Seven Astronaut Teacher Candidates Announced for Suborbital Flights



At the NewSpace 2009 conference in Mountain View, Calif., Teachers in Space introduced the next generation of space explorers: seven astronaut teachers who will boldly go where no astronaut has gone before — back into the classroom.

“Fifty years after the Mercury 7, on the 40th anniversary of the Apollo Moon landing, we’re rebooting the American space program,” said Teachers in Space project manager Edward Wright said. “The Pathfinder 7 are now training to fly on suborbital spacecraft under development by private companies. They will be the first astronaut teachers to fly in spce and return to the classroom, paving the way for hundreds to follow.”

A joint project of the Space Frontier Foundation and the United States Rocket Academy, Teachers in Space plans on using suborbital flights donated by and purchased from five suborbital companies. “we want to make teachers heroes in space, and heroes in the classroom,” Wright said.

The Pathfinder 7 Teacher Astronaut candidates are:

Maureen Louis Adams, 54, of Lampasas, TX. She is an elementary school teacher/principal from Killeen, TX. She established an elementary robotics program in central Texas, has been a guest instructor at US Space Camp, and has flown weightless experiments on NASA aircraft twice.

James Kuhl, 53, of Syracuse, NY. He is a 6th grade Earth Science teacher from Syracuse, NY. The third time is the charm for Kuhl, who applied for the original NASA Teacher in Space program in 1985; and applied for the second teacher program, called the Educator Astronaut program. He was a finalist in 2004. He has received the Presidential Award for Excellence in Math and Science Education and serves on the board of directors of the Science Teachers Association of New York State.

Lanette Oliver, 43, of San Antonio. She is an elementary science specialist for the Judson Independent School District. She grew up on a farm in Washington, Oklahoma. She now teaches predominantly minority students in San Antonio, TX. She has been a Golden Apple Award winner, a Texas Space Grant Scholarship winner, and was one of four teachers selected by the Texas Space Grant Consortium to fly aboard a NASA microgravity flight in January, 2009.

Stephen Heck, 56, of Cincinnati. He is an 8th grade Earth Science teacher in the Milford Exempted Village School District. He is a former department chairman and professor of Aerospace Studies at the University of Cincinnati. A US Air Force veteran, he has over 2,700 flight hours in jet aircraft and holds two world records set in KC-10 aircraft.

Rachael Manzer, 39, of East Hartland, CT. She is a district science coach in the Suffield School District. She teaches and models inquiry-based science lessons for K-12 classrooms. She is a former NASA distance learning educator and was a finalist for the NASA Educator Astronaut selection in 2004. She is president-elect of the Connecticut Science Teachers Association.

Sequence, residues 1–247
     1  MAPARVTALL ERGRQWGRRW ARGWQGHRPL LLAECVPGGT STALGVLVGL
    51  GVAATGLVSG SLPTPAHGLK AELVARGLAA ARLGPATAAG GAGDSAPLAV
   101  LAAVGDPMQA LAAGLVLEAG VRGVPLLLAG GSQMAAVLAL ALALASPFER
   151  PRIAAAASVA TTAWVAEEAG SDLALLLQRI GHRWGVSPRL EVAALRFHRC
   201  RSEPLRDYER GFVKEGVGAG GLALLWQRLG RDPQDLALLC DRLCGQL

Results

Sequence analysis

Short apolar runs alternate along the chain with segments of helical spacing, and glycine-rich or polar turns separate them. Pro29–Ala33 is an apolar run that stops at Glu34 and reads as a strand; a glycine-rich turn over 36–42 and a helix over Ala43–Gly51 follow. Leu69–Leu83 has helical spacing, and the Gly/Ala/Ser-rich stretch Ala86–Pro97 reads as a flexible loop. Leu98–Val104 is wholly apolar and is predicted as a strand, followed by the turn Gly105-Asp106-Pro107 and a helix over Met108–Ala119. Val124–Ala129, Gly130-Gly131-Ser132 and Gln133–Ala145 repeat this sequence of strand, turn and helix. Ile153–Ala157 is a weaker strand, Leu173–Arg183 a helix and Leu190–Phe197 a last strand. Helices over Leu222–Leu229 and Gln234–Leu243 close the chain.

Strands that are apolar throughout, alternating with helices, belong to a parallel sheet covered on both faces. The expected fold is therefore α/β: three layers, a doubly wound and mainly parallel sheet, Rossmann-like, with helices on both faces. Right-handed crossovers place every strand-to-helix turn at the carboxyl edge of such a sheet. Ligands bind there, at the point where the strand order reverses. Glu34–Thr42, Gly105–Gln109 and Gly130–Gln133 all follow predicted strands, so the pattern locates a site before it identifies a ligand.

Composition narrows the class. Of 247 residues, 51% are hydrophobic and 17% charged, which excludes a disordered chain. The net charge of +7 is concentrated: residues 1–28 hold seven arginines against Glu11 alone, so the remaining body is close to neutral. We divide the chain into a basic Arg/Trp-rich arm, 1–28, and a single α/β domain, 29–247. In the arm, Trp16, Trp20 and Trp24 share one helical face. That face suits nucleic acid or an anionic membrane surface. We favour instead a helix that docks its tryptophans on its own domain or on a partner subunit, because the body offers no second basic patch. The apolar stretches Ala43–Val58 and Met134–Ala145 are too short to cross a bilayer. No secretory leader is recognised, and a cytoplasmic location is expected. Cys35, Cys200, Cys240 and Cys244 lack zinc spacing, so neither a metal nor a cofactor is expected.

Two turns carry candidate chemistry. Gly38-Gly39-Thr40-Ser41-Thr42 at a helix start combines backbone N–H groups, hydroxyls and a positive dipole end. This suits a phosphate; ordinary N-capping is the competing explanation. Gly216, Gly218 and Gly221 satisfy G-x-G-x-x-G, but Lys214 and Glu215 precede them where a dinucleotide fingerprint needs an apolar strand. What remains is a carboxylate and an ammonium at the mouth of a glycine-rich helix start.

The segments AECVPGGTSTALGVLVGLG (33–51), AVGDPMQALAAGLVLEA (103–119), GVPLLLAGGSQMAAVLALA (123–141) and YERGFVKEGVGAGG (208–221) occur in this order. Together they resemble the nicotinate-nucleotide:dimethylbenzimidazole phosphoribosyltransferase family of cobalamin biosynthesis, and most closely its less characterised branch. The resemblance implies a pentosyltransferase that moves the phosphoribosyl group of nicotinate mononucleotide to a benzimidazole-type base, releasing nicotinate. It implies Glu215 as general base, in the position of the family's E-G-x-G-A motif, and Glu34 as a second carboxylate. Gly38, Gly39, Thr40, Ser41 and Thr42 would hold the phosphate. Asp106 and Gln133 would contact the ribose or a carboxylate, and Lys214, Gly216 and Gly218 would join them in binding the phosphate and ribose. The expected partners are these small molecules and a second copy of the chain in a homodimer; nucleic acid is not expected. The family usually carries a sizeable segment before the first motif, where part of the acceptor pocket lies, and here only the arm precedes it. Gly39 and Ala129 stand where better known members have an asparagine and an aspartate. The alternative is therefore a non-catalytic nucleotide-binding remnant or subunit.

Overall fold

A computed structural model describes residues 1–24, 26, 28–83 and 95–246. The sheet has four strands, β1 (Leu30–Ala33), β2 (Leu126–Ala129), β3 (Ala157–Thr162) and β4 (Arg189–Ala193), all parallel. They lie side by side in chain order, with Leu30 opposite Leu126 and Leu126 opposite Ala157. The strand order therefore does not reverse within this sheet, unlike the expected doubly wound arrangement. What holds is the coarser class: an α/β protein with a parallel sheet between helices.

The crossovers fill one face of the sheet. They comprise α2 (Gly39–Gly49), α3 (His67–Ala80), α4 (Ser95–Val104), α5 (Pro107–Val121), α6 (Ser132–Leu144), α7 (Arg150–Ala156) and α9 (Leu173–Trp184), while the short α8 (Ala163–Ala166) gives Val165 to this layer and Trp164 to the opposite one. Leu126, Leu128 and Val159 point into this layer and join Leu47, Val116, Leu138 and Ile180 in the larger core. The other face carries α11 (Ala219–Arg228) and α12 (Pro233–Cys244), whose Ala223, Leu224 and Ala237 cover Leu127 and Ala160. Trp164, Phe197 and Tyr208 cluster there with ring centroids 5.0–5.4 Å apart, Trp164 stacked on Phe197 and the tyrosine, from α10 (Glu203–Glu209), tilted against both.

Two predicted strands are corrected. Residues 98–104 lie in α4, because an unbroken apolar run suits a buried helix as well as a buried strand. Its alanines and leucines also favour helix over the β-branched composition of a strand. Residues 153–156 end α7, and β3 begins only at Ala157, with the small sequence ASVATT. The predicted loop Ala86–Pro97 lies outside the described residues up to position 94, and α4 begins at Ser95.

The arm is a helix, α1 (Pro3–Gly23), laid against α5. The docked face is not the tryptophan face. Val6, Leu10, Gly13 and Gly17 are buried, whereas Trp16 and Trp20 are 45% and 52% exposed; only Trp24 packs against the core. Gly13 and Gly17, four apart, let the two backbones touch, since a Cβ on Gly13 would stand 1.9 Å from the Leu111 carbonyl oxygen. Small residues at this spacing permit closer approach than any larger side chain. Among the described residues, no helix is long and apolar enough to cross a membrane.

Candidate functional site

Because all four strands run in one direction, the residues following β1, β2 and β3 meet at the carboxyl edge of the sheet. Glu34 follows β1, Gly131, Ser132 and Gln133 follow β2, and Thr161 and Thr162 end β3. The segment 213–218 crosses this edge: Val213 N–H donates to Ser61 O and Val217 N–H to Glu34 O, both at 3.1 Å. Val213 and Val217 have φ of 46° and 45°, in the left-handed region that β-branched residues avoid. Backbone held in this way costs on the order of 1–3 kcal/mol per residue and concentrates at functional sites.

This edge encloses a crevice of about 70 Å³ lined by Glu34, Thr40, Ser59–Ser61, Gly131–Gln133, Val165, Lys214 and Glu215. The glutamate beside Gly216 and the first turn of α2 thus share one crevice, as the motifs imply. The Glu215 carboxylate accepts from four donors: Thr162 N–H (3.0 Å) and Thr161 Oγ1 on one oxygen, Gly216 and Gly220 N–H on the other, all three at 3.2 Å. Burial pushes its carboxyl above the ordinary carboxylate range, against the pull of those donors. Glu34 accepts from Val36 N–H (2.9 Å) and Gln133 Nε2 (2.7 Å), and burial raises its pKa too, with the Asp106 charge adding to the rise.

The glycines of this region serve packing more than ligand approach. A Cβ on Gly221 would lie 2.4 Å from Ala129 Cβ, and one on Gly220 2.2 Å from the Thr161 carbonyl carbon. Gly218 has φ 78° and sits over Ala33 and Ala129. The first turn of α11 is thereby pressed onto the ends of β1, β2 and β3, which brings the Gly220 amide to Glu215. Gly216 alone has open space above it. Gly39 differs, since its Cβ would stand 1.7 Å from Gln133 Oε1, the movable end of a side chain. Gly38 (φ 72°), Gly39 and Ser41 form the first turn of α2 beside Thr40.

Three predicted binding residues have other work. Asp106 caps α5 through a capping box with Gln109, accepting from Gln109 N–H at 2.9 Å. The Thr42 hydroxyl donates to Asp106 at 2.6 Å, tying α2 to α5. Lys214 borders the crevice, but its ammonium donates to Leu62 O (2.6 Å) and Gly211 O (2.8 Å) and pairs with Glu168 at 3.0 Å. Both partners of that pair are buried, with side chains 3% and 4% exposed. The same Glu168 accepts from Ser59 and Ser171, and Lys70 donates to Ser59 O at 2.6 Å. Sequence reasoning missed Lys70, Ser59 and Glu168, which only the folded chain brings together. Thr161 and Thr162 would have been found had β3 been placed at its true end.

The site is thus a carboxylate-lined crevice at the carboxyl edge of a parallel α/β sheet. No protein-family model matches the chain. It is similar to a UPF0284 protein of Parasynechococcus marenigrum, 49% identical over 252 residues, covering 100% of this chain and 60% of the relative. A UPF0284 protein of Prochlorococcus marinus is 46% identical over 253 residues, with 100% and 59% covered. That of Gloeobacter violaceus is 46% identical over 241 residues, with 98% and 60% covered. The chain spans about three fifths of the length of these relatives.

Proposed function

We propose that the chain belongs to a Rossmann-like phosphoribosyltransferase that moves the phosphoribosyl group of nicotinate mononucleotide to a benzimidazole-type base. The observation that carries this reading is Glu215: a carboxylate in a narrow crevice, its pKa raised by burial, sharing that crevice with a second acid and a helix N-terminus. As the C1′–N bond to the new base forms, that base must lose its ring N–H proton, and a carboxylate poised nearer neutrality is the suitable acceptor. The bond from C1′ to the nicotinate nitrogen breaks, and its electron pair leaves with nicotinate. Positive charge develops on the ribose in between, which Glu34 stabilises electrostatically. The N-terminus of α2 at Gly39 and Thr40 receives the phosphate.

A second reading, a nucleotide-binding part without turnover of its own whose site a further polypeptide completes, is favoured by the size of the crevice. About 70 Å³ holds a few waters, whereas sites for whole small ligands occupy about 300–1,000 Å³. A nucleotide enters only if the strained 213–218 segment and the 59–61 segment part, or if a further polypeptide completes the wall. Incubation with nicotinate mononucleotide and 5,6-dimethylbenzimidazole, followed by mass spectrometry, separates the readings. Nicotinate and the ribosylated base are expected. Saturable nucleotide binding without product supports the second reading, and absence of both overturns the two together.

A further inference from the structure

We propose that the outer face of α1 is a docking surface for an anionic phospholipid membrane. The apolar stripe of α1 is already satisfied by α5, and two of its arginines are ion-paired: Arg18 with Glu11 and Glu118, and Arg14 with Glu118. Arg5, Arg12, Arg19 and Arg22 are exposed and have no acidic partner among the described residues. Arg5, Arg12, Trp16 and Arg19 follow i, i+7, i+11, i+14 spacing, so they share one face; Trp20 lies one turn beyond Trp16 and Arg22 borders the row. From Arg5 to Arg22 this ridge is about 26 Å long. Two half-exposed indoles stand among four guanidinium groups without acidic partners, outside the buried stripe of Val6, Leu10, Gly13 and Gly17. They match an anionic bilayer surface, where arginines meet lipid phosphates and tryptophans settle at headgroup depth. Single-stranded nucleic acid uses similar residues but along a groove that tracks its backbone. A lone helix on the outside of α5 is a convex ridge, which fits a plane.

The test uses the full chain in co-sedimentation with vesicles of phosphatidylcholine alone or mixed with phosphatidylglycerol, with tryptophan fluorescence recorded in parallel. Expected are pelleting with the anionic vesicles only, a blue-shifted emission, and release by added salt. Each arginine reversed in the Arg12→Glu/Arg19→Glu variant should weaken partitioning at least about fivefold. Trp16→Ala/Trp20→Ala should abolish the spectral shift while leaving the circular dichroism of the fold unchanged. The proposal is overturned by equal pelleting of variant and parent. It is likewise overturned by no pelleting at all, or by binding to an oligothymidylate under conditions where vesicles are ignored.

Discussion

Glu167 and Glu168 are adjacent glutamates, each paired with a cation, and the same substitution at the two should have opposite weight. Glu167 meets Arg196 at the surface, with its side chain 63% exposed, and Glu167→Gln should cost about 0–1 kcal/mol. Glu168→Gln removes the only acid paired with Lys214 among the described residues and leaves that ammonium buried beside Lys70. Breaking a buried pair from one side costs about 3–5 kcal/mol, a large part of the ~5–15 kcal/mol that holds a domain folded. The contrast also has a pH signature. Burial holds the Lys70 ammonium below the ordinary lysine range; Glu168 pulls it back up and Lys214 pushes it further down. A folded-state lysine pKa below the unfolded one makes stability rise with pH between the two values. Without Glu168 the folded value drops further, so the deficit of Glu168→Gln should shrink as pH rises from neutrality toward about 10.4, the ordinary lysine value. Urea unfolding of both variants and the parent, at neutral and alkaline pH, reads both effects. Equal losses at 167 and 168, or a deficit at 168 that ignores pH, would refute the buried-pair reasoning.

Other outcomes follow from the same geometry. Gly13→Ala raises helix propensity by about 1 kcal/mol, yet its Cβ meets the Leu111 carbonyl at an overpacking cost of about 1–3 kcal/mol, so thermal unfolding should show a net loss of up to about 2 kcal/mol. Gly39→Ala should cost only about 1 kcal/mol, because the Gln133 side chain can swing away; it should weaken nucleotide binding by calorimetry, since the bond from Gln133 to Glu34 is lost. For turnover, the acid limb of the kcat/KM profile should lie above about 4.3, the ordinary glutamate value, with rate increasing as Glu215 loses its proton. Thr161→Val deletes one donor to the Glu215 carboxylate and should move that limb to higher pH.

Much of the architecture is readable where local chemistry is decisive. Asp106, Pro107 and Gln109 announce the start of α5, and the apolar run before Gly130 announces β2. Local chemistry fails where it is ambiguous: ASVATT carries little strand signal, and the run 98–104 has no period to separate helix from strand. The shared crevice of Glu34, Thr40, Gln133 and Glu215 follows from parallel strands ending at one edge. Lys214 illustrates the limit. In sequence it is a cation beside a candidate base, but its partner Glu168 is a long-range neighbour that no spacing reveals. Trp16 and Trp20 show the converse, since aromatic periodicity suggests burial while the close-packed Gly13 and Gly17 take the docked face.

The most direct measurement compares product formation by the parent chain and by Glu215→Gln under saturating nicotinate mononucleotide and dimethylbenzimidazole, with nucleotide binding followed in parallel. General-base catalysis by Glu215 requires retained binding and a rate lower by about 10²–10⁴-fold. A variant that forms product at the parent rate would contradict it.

Chantelle Rose, 36, of St. Paris, OH. Rose teaches science at Graham High School in St. Paris. She was named the 2006 Ohio Teacher of the Year by the Air Force Association, the 2007 Ohio Earth Science Teacher of the Year by the National Association of Geoscience Teachers, and the 2008 Aerospace Teacher of the Year by the Scott Crossfield Foundation. She was a finalist for the NASA Educator Astronaut selection in 2004.

Robert “Mike” Schmidt, 31, of Tucson, AZ. A second-generation teacher, Schmidt teaches math to grades 9, 10, 11, and 12 at University High School, in the Tucson Unified School District. An 8-year education veteran, he found out about Teachers in Space while attending a National Science Teachers Association meeting.

  • eh.

    Really – no minorities? No diversity? Did any minorities apply? I’m astonished by this as a Californian, and a clear credentialed, tenured, female, minority science teacher. I never even heard of this program and I work in space advocacy! How did that happen?

    A bit disappointed in the lack of outreach and selection.

  • Beleav

    Those that care to be informed and seek out phenomenal professional development opportunities would have found this application. Many of those selected are NEAT Teachers and that selection pool had many minorities, therefore eh, yes, you are making comments that are not warranted. Have you flown weightless through Northrup Grumman’s Weightless Flights of Discovery? Have you been involved in SETI’s Voyages Through Time? Attended a NASA workshop? That is out there for teachers to apply to as well. The application for this was long and extensive. The teachers selected are a crop of outstanding individuals who sacrifice a lot outside their normal jobs as full time teachers to inspire our next generation. It is unfortunate when people care to make comments about a person when they know nothing of them or the circumstances which may have placed them in not so favorable light. Get informed eh and Reagan, stop being judgmental and take action. If you seek to be a person who is worthy of such a selection then you will not have time to whine.